Ways of popping out of this kind of first pass, the post very rudimentary voting system. It actually, I’m noticing the pattern in all of these solutions that they’re the same in that they’re all trying to provide a higher degree of granularity and complexity of signal so that we can use that signal , We were talking just before about how absurd is that we elect candidates, like individual people to represent tens of thousands, hundreds of thousands, millions of people.

And that I have to proxy my agency to that individual. Like they don’t even know me. They don’t know what my value system is or what I care about. But with some of these civic innovations, I can actually express the, like really granular. Perspective that I hold and we can use technology to actually have not just representative people, but representative outcomes that are able to have represented inside of them the needs and perspectives and interests of all of those constituents.

Duncan Autrey: well, I, I’m really appreciating that that’s like recognition of like, oh, the, the common thread. You know, because the issues we’re facing and are complex wicked problems that are super and they’re gonna need nuanced perspectives and they’re gonna need a lot of perspectives in it.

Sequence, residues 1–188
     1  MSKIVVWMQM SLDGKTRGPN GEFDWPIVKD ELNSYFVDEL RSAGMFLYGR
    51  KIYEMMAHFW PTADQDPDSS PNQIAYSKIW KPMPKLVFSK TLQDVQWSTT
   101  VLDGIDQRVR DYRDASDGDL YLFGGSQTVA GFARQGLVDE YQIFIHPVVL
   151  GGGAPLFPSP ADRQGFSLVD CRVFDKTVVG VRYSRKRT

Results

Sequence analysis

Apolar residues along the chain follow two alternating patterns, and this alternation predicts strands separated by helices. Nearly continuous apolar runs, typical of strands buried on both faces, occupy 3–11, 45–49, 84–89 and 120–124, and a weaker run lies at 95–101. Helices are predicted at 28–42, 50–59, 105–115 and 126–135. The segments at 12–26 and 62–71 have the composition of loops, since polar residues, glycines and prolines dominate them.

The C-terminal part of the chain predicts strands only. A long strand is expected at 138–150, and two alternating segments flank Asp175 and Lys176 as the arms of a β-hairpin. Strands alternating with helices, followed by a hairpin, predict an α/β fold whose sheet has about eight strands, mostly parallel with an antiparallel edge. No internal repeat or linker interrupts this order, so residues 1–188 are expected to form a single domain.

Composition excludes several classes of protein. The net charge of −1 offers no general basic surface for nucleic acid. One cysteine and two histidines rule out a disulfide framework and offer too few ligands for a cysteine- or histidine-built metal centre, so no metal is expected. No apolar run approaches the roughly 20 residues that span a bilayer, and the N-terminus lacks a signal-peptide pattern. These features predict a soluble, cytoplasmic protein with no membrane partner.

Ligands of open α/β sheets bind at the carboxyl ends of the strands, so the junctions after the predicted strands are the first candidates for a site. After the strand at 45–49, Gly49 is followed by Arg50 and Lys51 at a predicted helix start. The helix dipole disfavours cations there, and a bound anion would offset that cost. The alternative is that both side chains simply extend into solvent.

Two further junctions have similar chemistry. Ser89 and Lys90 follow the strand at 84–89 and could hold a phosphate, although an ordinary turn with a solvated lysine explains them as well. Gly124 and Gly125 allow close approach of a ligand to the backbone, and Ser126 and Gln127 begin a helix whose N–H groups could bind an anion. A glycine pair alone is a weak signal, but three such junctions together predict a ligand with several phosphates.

And you know, as you were saying, it’s like the left eye and the right eye. But we need not just the left and the right, but we need all the different perspectives looking at whatever the issue is. And so we need to have, so the issues that we have are, , they’re not yes or no binary choices. And they are gonna require very nuanced thinking.

And our system right now is just like being like black or white, you know? It’s just like, No, no, no, we, it’s not even just like that. We need gray, but we just need a lot more pixelation in here. Right. You know? There’s one of my favorite pieces called The Story of Us.